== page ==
“OK,” the scientists backpaddled. “It’s not a comet. And it’s not an asteroid.”     

     This admission calmed everybody down. For about a nanosecond. Until someone raised their hand and demanded, “Then what the heck is it?”


Never fear. An astro-archeaologist and Professor of Science was on the case. After much pondering and cross-checking,” Avi Loeb further risked his reputation when he declared that the only hypothesis fitting all the data was – wait for it – derelict technology sent from a star civilization so advanced they had likely long since wiped themselves out.  Just like we are so busily doing.         

     Of course, realized the world’s leading space boffins. Why didn’t I think of that? Could my deliberate oversight possibly have anything to do with losing my tenure and funding and being burned at the stake?     

     Just what sort of space junk might he be referring to?     

     It looks like a giant sail, said the Chair of Harvard’s Astronomy Department. “A detached lightsail.” That scattered the chickens! Social media and the Big Networks went more hyperbolic than ‘Oumaumaua. So did mainstream science. “Avi is hallucinating again.” “Avi has lightsails on the brain.”     

     Well, even Avi Loeb himself couldn’t argue the latter. Since 2007, the Russian-Israeli astrophysicist had been convinced by the sheer preponderance of scientific evidence that there must be advanced intelligent life in a universe teeming with a trillion-billion suns. With an estimated one-in-four of those stars hosting an Earthlike planet in the habitable “Goldilocks” zone, that did not imply a benign and breathable atmosphere, but did permit life-giving liquid water.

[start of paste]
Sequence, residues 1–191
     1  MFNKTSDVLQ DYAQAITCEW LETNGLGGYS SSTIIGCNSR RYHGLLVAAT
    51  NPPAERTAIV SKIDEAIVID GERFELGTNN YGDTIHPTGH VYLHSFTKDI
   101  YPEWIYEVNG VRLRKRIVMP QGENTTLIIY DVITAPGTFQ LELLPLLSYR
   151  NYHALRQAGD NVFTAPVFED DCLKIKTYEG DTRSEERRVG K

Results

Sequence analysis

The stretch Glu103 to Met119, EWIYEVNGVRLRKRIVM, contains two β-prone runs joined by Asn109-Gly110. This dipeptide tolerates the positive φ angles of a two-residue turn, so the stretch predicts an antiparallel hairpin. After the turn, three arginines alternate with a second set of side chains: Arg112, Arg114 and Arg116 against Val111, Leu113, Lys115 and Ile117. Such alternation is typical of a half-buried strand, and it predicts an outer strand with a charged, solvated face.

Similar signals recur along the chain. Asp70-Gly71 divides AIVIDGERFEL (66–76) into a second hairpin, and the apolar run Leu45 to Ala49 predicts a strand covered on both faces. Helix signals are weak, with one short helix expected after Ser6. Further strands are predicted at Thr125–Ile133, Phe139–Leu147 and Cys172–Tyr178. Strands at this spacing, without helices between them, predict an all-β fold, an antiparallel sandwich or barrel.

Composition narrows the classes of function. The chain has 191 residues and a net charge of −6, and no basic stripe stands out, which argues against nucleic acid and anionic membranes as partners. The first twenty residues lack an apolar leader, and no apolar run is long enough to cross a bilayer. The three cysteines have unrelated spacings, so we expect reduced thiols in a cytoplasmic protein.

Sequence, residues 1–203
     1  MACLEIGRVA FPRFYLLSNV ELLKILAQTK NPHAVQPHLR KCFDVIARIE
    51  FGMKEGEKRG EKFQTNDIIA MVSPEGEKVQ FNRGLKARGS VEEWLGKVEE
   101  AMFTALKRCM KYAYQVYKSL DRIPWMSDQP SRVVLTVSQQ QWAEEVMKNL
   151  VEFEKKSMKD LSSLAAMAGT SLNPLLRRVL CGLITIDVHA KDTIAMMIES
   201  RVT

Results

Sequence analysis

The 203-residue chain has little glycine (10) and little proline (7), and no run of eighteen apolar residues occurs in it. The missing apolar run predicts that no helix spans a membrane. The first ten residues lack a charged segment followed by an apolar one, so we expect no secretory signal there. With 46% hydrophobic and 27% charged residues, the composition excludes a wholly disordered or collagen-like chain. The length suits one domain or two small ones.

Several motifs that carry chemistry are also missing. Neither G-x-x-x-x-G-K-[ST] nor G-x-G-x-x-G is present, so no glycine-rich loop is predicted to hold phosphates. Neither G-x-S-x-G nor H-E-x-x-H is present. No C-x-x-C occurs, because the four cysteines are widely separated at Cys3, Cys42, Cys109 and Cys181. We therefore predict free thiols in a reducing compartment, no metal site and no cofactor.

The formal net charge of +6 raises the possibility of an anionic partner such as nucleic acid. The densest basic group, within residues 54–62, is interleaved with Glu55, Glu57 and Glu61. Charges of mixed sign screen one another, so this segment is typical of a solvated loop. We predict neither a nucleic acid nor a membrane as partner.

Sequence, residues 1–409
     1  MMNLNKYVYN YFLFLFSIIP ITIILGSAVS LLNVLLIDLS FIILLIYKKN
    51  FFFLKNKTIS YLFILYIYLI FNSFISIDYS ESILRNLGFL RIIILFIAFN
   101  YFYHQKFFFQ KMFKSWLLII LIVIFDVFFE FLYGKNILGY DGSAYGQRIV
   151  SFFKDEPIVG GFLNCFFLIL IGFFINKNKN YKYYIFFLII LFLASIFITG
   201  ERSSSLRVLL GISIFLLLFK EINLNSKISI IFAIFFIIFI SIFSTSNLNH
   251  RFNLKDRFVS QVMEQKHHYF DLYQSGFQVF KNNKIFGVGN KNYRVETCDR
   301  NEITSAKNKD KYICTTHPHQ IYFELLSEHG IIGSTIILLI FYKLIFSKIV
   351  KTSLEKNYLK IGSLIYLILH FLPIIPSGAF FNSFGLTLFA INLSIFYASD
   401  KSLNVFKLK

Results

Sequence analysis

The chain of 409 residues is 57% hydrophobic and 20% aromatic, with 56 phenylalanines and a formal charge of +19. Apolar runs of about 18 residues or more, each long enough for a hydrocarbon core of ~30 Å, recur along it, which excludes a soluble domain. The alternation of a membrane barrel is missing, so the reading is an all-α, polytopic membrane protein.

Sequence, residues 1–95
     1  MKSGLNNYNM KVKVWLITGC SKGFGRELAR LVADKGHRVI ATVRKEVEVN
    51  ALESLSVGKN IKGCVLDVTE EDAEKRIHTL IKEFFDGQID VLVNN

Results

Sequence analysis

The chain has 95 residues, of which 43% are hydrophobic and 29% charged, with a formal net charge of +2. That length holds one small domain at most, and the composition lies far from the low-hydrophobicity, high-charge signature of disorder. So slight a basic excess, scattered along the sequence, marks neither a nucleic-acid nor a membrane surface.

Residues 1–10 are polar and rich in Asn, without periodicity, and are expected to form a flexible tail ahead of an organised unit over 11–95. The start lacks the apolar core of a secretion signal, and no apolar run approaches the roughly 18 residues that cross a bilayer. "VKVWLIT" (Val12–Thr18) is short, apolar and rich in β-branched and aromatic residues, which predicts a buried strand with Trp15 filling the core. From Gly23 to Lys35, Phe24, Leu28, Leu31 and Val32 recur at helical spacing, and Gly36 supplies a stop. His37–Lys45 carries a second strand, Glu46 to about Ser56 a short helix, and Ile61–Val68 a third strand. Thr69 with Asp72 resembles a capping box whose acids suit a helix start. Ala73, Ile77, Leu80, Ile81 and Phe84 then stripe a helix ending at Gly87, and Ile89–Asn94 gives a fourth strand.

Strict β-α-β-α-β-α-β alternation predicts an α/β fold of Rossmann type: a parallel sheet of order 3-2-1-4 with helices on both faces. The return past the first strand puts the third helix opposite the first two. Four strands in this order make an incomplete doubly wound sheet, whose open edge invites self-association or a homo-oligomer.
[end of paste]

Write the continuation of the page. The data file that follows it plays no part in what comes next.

Instead of just looking for microbes like the hitchhikers that had arrived in Antarctica from Mars, why not redirect our biggest spyglasses and spectrometers to look for the glow of seriously distant cities? Or alien atmospheres altered by pollution?


Yuri Milner had called up Avi four years before.  “I want to put together a team to build and launch a spacecraft to reach the closest star system,” said the Silicon Valley venture capitalist.      

     Fabled Alpha Centuri lay “just” 4.27 light years from Earth. The cofounders of Facebook, Google and 23andme were already supporting the annual million-dollar prizes Milner and his wife were awarding to leading scientists in the life sciences, physics and mathematics. Maybe these whales would come onboard.      

     “We’re calling it the Breakthrough Starshot initiative,” Yuri added.       

     The billionaire’s request was a cosmic stretch. Even if it could carry enough fuel, it would take a chemical rocket at least 70,000 years to reach Proxima Centauri b. With an Earth-size mass, Proxima b, is the closest planet with a habitable zone in Alpha Centuri’s triple-star system.